Thursday, November 29, 2007

Kathmandu Valley

We've had a great time hopping around the Kathmandu Valley over the past few days on day trips to Bhaktapur, Bodhnath, Pashupatinath, and Patan. Bhaktapur is the smallest of the three major towns in the Kathmandu Valley and seems like it hasn't changed in a long time. The narrow, cobblestone streets are too small for cars so the town is very quiet and children wander around on the streets - it was a welcome change from the hustle and bustle of Kathmandu.



The town is probably best known for its traditional Newari architecture in Durbar Square area but I thought the Kathmandu Durbar Square was more impressive - later I would learn that Patan's Durbar Square trumped both of them. We enjoyed walking around the back streets and stumbling upon some craftsmen still using traditional methods - potters throwing clay, knitters letting their yarn dry, etc.

Nayatapola Temple just south of Durbar Sq is notable as one of the highest and holiest temples in all of Nepal! The Nepalese believe spiritual purity increases with each higher floor - so the fifth story of this building is very holy!

Our stop at Bodhnath could have been very quick and probably would have if we didn't get terribly lost. Fortunately we ran into an American expat living in Nepal named Josh, it was interesting to hear his perspective on the area after having been around for a while. The area is home to a very holy Tibetan Buddhist stupa and is filled with many refugees from the Cultural Revolution.

The culture was vibrant and unfettered - monasteries were overflowing with monks whereas in Tibet most monasteries were only one tenth the size they had been in the 1950s! The contrast between the two places couldn't be more distinct. Video: Monks chanting at Bodhnath Stupa.

video

From Bodhnath, we took a stroll along the holy Bagtmati river to Pashupatinath, Nepal's most important Hindu temple. The monument to Shiva, the destroyer and creator of the Hindyu pantheon, attracts wandering Hindu holy men, or sadhus, from all over India.


We witnessed a ritual funeral on the river banks - a family burned their patriarch on a pyre alongside the river. I was so disturbed by this sight that we left shortly thereafter. Fortunately we were able to check out some of the temples before hand - the stone temples were oddly reminiscent of Myan ruins.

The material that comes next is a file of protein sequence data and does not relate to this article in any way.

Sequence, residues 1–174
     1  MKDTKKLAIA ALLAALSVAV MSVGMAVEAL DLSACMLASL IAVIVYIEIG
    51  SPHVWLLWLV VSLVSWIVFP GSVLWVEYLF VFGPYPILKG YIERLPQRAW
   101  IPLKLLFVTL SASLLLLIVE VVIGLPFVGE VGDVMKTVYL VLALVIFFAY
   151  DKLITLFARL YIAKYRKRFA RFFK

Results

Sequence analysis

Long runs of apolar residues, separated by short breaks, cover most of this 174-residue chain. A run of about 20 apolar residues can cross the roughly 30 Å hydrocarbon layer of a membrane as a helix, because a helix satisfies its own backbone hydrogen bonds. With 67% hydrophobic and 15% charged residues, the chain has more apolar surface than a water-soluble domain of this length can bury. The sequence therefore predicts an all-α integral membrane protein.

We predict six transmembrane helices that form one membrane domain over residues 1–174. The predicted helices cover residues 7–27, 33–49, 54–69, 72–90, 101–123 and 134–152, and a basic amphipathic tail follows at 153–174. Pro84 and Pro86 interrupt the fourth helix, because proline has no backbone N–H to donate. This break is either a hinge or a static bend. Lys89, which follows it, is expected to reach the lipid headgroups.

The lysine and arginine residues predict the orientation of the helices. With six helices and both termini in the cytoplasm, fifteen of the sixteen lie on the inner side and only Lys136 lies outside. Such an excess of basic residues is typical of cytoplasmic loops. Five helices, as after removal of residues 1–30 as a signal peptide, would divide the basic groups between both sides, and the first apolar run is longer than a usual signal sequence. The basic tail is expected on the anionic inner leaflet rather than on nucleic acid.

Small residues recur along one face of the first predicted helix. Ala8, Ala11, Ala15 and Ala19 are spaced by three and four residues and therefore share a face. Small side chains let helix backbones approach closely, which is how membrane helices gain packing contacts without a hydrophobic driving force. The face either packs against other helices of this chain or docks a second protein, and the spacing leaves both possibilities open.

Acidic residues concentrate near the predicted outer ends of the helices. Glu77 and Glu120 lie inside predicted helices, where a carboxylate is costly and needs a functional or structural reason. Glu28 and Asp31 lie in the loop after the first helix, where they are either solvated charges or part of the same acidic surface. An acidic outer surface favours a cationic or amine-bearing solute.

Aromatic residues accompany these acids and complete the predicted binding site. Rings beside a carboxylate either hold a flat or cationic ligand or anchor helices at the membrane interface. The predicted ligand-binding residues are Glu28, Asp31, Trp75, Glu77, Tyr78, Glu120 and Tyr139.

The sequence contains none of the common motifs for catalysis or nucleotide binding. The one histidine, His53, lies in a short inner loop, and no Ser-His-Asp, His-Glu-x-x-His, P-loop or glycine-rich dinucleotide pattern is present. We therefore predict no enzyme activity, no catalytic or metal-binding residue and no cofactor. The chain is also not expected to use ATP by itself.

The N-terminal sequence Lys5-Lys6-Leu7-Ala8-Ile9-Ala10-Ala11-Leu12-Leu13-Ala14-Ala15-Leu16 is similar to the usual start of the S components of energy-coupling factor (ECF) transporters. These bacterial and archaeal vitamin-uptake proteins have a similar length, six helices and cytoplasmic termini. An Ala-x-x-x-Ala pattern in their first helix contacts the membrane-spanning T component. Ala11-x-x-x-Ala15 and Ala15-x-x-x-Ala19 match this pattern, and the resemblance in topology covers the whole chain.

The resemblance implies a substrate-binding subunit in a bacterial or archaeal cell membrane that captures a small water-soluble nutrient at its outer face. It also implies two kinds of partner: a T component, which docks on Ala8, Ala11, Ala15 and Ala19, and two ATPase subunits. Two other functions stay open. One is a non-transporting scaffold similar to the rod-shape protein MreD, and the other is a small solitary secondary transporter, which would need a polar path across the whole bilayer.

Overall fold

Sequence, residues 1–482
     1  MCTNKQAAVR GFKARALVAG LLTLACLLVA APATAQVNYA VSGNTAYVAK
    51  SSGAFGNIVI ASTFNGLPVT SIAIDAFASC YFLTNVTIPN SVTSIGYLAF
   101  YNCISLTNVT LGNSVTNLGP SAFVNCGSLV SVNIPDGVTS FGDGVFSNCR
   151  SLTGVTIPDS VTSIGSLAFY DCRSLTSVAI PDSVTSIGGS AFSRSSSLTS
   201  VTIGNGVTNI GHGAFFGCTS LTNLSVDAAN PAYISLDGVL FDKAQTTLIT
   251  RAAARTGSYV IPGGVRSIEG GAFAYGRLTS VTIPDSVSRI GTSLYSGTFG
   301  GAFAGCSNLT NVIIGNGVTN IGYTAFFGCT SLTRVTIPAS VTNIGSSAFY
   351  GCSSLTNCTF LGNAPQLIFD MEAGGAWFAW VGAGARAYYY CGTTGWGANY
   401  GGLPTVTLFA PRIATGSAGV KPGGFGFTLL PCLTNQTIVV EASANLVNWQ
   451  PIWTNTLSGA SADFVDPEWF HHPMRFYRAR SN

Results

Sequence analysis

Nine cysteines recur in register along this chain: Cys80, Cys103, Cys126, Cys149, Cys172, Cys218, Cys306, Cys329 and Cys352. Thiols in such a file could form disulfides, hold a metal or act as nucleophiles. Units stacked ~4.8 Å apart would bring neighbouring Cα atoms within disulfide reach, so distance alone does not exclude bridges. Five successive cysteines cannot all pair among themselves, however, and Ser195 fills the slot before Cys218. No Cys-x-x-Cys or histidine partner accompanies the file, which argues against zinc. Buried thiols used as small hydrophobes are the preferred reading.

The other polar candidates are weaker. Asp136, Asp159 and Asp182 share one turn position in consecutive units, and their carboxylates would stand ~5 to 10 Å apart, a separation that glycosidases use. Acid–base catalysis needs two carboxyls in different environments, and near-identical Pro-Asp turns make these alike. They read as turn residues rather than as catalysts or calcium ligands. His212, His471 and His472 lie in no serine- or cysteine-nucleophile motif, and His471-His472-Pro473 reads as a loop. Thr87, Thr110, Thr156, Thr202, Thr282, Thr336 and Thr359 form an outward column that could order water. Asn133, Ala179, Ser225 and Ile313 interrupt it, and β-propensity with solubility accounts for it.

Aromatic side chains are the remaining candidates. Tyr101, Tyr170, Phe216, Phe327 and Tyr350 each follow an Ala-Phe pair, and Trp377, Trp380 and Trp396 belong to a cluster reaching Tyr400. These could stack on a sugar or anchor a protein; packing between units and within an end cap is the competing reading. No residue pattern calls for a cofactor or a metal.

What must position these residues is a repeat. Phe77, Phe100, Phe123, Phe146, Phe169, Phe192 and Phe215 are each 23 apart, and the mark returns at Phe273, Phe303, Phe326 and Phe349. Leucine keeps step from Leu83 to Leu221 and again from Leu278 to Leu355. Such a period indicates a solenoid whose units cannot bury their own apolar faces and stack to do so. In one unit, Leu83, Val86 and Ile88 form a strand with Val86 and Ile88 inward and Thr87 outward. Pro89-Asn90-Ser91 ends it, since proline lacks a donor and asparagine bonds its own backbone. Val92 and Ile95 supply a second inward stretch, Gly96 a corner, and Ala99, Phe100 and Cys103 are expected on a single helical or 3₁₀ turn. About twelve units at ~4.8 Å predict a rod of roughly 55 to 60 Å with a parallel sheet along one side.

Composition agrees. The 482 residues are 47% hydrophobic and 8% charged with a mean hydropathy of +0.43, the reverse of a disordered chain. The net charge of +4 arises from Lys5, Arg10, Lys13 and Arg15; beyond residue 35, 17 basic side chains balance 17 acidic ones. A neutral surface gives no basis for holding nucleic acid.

Today we checked out Patan, the second largest city (next to Kathmandu) in the valley. Our departure for Bandipur tomorrow and some routine chores meant we only had a few hours to get through the whole city - fortunately the two main sites, Durbar Square and the Patan Museum were right next to each other!


Durbar square was roughly the same size as Kathmandu's but there were a greater number of more interesting temples in that space. The museum contained a number of well restored Buddha statues and an interesting exhibit on the statue making process but the real gem was an photo exhibit of the area circa 1900. Photo: Durbar Sq



Below: The touristy Thamel area of Kathmandu near our guest house

Tuesday, November 27, 2007

K-K-K-K-K-K-Kathmandu!

We left Zhangmu, Tibet on the morning of the 23rd, headed for Kathmandu, Nepal - oddly it was more difficult to get out of Tibet (China) than it was to enter Nepal. Since China is all on once time zone, we expected to lose a lot of time as we crossed the border, but the 2 hour 15 minute time change caught us by surprise. As we continued down the river valley that we'd been following from the day before, the basic plant life we'd been seeing turned into downright tropical plants - coffee, banana and palm trees! The villages also changed quite a bit - most of the houses were more fit to handle oppressive summers than freezing winters - there were holes in some walls and almost no chimneys. As we continued down, the villages looked more like Carribbean, third world towns, with terraced fields and populated with Indian people than the Tibetan villages we'd seen the day before - apparently the mountains were quite a cultural (as well as physical) barrier. Shortly after the literal low point of the day, as we began climbing back up to Kathmandu, we caught another glimpse of the Himalayas. I'm not sure if there's anywhere else in the world where you can bask in a subtropical climate while staring up at some of the largest mountains in the world. The juxtaposition of terraced rice fields and snowcapped mountain peaks plays with your mind a bit but is spectacular none the less. When we arrived in the Thamel area of Kathmandu, where we have been staying for the past few days, we were stunned by the number of occidentals here - walking around here, you do not feel like you're in the middle of Nepal - every bar has a live cover band playing American classic rock. The town itself is somewhat like a combination of a carnival, the movie "Fear and Loathing" and a hippie fantasyland. Nepalese walking around on the street try to sell you tiger balm - when you turn them down, the same guy successively offers buddha sculptures, then chess sets, then small musical instruments, then hashish, then rafting trips, then trekking trips - its quite bizarre.